A travel in the world of UDK

It's been a long time I wanted to prototype a game using a well known game engine. At that time, I hesitated between UDK and Unity. And I finally chose to go with UDK. To be honest, I didn't search for a comparison sheet between these 2 products, nor did I really go in a very big thinking process about what would be the best tool for me to use to prototype, as I even didn't know what kind of game, I wanted to do.

Nevertheless, I finally chose UDK because at that time it was more attractive to me (the power of the tools which have been used to create such great games!), and because I know a few people who had used it on a daily basis, and hoped they could help me. And also, being in the video game industry, I think it will help to have a good insight of how the tools are made, have become, after plenty years of development, when I will contribute with my fellow programmer colleagues in the studio to the elaboration of our own tools. And finally, on a more personal aspect, to have some knowledge about a major game engine such as Unreal Engine will be a great advantage if I ever have to work for another company.

Anyway, UDK  I chose, with UDK I had to suffer. Because it is such a gigantic tool, you have to spend a few days using it to start to understand how all this machinery work. Hopefully, they have a great documentation, UDN, a rather helpful forum, and the (whole?) unreal script codebase of Unreal Tournament.

But unfortunately, there are some drawbacks:

  • it's sometimes hard to have answers to questions you might ask
  • the documentation inside the unreal script codebase is somewhat sparse
  • UDK is really oriented toward FPS
  • there are not a lot of updates of the tools (with Unreal Engine 4 coming soon, I'm wondering if it's not going to be worse)
  • there are no assets you can download / buy as with Unity, to speed up the development
  • there is no free kick-ass IDE you can use to help programming with UnrealScript (yet?)

Concerning that last point, 2 tools are better than the others, IMHO. The sublime text 2 package, and Unreal Script IDE, which is built inside of Visual Studio. I tend to, use the latter, because it has more powerful breakpoints and debugging facilities (everything is managed inside the IDE, unlike the sublime text 2 package, which makes you juggle between the editor, the game, and the debugger...) But I often switch to ST2, because it's the best text editor out there, and it's way better when you want to search in the codebase for a specific function, event, whatever...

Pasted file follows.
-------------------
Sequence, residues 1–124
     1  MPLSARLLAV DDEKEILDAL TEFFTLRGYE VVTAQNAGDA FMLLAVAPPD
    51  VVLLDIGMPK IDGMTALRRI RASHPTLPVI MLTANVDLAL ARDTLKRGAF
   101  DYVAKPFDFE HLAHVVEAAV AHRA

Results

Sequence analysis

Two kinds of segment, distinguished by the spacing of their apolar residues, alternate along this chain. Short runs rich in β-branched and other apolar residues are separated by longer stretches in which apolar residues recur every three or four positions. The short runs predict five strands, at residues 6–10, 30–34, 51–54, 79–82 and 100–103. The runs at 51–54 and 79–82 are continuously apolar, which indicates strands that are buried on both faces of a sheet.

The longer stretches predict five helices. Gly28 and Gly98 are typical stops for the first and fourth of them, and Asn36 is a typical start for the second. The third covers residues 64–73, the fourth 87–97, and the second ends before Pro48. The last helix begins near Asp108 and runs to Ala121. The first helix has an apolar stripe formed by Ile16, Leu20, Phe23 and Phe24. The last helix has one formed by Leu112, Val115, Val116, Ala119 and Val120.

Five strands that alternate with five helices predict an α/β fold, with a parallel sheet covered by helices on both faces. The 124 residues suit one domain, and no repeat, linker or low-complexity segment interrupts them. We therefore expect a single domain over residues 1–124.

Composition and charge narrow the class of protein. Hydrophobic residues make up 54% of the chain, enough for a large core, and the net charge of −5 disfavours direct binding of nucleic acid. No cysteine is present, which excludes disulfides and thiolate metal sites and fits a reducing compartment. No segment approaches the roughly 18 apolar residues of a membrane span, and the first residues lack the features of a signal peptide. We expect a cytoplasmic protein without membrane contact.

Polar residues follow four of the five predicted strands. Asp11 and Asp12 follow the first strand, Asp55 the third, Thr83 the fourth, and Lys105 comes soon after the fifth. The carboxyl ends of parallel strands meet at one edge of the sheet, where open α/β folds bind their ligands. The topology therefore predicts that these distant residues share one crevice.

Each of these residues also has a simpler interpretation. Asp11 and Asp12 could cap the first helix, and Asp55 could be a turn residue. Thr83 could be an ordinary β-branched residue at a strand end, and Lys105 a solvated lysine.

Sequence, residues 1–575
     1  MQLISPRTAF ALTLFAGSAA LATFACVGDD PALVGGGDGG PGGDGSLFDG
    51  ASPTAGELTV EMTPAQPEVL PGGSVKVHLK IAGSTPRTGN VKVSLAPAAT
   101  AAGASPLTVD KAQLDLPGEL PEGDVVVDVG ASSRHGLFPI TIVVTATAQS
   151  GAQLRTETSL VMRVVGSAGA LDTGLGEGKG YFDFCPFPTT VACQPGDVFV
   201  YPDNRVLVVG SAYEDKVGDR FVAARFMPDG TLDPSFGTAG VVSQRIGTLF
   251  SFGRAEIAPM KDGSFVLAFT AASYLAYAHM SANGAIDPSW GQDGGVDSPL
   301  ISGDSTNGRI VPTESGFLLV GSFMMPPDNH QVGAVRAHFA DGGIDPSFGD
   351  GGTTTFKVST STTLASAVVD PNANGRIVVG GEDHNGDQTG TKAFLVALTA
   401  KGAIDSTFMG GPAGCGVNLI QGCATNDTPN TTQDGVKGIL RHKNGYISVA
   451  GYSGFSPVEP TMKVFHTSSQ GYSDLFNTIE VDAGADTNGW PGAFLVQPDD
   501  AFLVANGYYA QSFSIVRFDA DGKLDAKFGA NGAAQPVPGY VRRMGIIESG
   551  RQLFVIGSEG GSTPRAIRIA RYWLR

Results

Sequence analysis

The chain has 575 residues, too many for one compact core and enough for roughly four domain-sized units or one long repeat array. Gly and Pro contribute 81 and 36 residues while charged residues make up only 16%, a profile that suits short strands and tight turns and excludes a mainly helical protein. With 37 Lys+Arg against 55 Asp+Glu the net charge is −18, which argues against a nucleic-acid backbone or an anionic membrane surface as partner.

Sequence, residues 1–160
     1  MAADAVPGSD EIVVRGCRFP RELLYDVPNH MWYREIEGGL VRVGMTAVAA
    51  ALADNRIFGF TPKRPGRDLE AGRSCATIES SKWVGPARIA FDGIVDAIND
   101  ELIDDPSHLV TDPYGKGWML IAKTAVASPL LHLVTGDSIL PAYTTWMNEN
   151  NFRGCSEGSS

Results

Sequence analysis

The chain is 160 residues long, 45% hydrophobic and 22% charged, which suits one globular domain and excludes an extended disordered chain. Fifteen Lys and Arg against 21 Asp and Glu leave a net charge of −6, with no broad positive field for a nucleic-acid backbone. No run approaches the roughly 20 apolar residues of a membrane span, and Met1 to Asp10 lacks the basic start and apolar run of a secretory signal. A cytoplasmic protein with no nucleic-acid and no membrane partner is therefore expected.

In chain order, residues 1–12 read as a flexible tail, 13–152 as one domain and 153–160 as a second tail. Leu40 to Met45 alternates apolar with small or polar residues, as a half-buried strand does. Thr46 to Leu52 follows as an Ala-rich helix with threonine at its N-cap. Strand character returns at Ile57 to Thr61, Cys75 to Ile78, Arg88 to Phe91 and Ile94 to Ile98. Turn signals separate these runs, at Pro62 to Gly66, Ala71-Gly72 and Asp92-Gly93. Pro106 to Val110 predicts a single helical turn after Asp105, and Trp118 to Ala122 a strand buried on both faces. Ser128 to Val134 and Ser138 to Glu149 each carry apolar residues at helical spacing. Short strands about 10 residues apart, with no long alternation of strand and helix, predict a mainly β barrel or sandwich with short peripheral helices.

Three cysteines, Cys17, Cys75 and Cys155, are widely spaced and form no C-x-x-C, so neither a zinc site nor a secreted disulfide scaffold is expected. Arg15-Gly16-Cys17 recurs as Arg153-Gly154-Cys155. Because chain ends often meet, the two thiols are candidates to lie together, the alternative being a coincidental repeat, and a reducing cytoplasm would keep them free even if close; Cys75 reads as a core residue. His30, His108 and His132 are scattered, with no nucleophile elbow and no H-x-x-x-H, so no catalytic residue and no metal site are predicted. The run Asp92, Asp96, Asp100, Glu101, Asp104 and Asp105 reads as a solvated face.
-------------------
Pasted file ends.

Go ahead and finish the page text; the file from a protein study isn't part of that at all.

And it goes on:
Now that I knew what tool I would use, I just had to figure out the kind of game I wanted to develop. I hesitated between 3 styles:

  • a Mario kart like
  • some crazy dogfights with planes (crimson skies like)
  • a NBA Jam like

It has been a hard choice to make. But having spent countless hours with my friends playing basket ball for real, and also on NBA Jam finished to convince me that this third option would be the most fun, according to the Karaoke rules of game development.

So I had a game in mind. I had a tool to develop it. I just needed some time. This is what I lacked the most during my first period on this project. Be it periods of crunch at work, or not wanting to program when I come back at home, it's not always easy to fetch time and motivation to make the project moves forward. But I recently got some holidays, so I could spend some time on it, get significant improvements on the game, which in turn made my motivation grew up.

And to try to keep that motivation at a minimum level, I would like to challenge myself a bit. I will try to post some updates about the prototype regularly on this blog. It may be some posts to show new features, or posts to explain how I get around some problems I meet with the engine, or just tutorial-like posts.

I already have a few ideas in mind, like (in random order of importance) AI, trajectory computations of the ball, debug features, animation trees, HUD  displays, player/ai states...

I hope these posts will help some people who may be struggling with UDK. But what I really hope, is that it will bring some interest around the game. I think it will help me to stay motivated if I know some people like the game, and give me some feedback about it.

Now is the time to conclude this post, and to think about what will be my very first topic about the development of the next must have sports game 🙂

Happy Coding!